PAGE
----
The next-to-last stop on this tour through the 2007-08 Wolverines is the starting goalie, junior Billy Sauer.
Last Season: The 06-07 season was an adventure in net. The closest analogy that I can find to describe Billy Sauer's play would be to look at Chicago Bears quarterback Rex Grossman. People starting referring to his outings (and at times, even his individual passes) as "Good Rex showing up" or "Bad Rex showing up".
We had a similar situation in Ann Arbor. Sometimes it was Good Billy, and sometimes it was Bad Billy. You just never knew, and when Bad Billy was in town, the results weren't pretty.
There were times when he was really, really good. He had 35 saves in the CCHA Championship Game against Notre Dame, but it's only the weak goal he let in for the game-winner that gets remembered.
Other times, however, it was simply stunning how a Division I goalie could be so bad. Over a pair of games in early December, he gave up 10 goals on just 33 shots, which paved the way for the one start Steve Jakiel made in a Michigan uniform. 5 goals in the first 21 minutes of the game against North Dakota couldn't hold up for the game, let alone the first 25 minutes, and by the halfway point in the game, we were facing an unbelievable 7-5 deficit.
If you look at the game-by-game breakdown, the streaks were amazing: Early in the year, he gave up 5, 3, 4, 3, 3, 6 over a six game span. He then followed that up by going 2, 4, 1, 2, 1, 1. Then it was right back to being Bad Billy with a streak of 3, 8, 5, 5, 4, 1, 4 before a seven game stretch where he gave up more than two goals on just one occasion. But then he gave up 2 or less just three times over the next ten games.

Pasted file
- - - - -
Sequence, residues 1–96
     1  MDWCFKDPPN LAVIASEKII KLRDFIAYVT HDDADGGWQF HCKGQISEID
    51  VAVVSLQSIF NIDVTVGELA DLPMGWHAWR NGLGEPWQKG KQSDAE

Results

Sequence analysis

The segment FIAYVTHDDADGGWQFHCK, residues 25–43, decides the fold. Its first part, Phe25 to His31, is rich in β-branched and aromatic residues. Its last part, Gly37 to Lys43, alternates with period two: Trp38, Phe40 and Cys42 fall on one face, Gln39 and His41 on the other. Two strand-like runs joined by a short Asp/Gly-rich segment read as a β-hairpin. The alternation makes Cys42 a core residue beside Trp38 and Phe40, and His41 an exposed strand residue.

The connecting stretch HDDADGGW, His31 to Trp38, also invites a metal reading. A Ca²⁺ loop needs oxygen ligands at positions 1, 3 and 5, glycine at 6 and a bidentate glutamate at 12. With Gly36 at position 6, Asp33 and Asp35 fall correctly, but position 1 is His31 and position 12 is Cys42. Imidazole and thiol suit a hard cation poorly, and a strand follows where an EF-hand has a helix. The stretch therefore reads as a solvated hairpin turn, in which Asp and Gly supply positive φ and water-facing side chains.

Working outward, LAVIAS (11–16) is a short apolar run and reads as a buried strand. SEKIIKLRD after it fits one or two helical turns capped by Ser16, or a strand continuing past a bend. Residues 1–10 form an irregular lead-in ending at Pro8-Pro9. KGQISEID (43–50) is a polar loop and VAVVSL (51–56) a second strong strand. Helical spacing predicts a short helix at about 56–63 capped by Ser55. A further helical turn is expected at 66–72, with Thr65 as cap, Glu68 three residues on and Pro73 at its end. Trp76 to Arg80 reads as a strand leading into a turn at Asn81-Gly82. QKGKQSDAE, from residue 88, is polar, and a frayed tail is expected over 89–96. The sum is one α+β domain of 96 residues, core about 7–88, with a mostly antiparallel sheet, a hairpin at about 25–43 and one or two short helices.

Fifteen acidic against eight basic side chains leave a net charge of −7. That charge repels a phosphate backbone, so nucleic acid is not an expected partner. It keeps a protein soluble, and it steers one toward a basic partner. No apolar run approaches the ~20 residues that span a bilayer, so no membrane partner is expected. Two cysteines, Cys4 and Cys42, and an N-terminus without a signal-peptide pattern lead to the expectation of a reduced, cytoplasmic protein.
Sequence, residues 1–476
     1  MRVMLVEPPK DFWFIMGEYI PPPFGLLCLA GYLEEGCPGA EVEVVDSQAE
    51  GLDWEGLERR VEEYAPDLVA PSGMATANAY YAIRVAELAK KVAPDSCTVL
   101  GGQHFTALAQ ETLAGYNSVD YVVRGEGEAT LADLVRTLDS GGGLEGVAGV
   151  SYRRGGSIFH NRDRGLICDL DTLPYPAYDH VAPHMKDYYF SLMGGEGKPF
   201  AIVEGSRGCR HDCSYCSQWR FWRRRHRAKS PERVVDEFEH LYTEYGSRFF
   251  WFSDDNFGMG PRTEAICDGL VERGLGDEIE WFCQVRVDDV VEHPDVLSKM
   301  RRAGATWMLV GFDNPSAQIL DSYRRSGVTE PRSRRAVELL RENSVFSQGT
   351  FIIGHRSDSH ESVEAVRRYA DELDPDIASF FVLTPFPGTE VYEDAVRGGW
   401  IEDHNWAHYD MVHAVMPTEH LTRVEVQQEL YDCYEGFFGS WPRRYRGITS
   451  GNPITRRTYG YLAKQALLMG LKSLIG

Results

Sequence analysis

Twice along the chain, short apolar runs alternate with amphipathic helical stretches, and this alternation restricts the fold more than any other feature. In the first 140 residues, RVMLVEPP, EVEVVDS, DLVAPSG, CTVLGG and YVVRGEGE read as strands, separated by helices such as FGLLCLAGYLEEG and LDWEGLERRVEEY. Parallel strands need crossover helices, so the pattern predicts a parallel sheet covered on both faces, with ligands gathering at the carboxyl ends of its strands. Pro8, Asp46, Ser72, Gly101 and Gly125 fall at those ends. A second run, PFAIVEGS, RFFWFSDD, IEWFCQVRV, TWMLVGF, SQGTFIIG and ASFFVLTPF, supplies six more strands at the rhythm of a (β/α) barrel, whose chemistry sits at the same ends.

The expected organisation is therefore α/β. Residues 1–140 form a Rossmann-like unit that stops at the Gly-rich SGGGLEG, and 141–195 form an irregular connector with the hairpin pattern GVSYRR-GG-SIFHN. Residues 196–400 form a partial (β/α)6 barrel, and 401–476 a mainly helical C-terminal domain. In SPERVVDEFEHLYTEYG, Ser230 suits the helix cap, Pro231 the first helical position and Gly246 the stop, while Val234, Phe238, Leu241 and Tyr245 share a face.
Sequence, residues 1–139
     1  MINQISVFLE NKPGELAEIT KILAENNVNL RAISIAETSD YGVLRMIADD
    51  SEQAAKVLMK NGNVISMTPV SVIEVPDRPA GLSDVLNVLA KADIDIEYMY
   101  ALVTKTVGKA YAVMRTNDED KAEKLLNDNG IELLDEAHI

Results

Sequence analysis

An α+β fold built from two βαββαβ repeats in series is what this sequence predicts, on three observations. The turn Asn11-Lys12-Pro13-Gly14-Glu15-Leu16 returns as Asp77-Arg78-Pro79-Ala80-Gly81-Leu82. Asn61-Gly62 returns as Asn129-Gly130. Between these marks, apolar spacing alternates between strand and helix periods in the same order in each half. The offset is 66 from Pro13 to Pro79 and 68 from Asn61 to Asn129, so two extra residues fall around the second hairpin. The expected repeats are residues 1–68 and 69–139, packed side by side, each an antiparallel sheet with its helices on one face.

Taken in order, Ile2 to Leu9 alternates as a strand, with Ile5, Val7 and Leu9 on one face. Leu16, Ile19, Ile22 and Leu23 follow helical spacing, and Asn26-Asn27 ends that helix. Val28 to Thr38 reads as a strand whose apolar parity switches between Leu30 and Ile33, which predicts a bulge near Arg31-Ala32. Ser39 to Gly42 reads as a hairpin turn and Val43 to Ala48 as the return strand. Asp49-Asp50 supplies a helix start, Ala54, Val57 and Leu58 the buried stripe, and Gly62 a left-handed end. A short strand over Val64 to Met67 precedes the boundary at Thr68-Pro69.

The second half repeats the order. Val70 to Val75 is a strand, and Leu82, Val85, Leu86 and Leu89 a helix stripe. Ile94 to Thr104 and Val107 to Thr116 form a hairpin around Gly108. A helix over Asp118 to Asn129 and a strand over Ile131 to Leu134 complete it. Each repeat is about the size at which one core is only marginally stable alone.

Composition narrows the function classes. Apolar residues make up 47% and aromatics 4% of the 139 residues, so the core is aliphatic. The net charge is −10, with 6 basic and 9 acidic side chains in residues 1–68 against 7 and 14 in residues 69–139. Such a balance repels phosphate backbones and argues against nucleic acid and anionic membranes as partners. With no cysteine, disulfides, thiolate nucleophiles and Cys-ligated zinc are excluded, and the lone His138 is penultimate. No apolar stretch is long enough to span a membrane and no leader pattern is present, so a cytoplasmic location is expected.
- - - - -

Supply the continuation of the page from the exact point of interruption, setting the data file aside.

Down the stretch, he was actually quite good. His mother sat next to me during a game late in the season and I commented that he was playing well, and I wasn't lying. Apart from a six goal bobble at OSU, he played fairly good goal: 1, 3, 3, 3, 1, 3, 6, 1, 3, 2, 2, in the lead-up to the North Dakota debacle.
But for the season, the numbers weren't pretty. Sauer had a 3.03 goals against average with an .896 save percentage. That's simply not good enough. Some of that is on the defense, no doubt. But there were far too many occasions where weak goals, untimely goals, or simply too many goals doomed us. 13 out of the 40 times he played, the opposition scored 4 goals or more. Not even the best offense in the country is going to be able to overcome numbers like that.
One of the most telling stats is that the Wolverines were just 4-11-1 when scoring 3 goals or less, and they were still under .500 when scoring exactly three times. We didn't have the ability to win the low-scoring games, which put a ton of pressure on the offense. You can't expect a team to score four goals a night in order to win.
For all the cracks that I make--and I'm trying to be better about that this year--I really don't think he's the worst goalie in history. He's big, he's athletic, he's good about finding the puck in traffic. The big weaknesses in his game are that he's very vulnerable high on the glove side, and that he doesn't really show the ability to bounce back from a bad goal or a bad game (as the streaks indicate).
Expectations: My expectation was that at this point he'd either be backing up Bryan Hogan or splitting time. But with Hogan's illness that isn't to be, and thus Sauer will get one more chance to prove himself worthy of being the starting goalie for the Michigan Wolverines.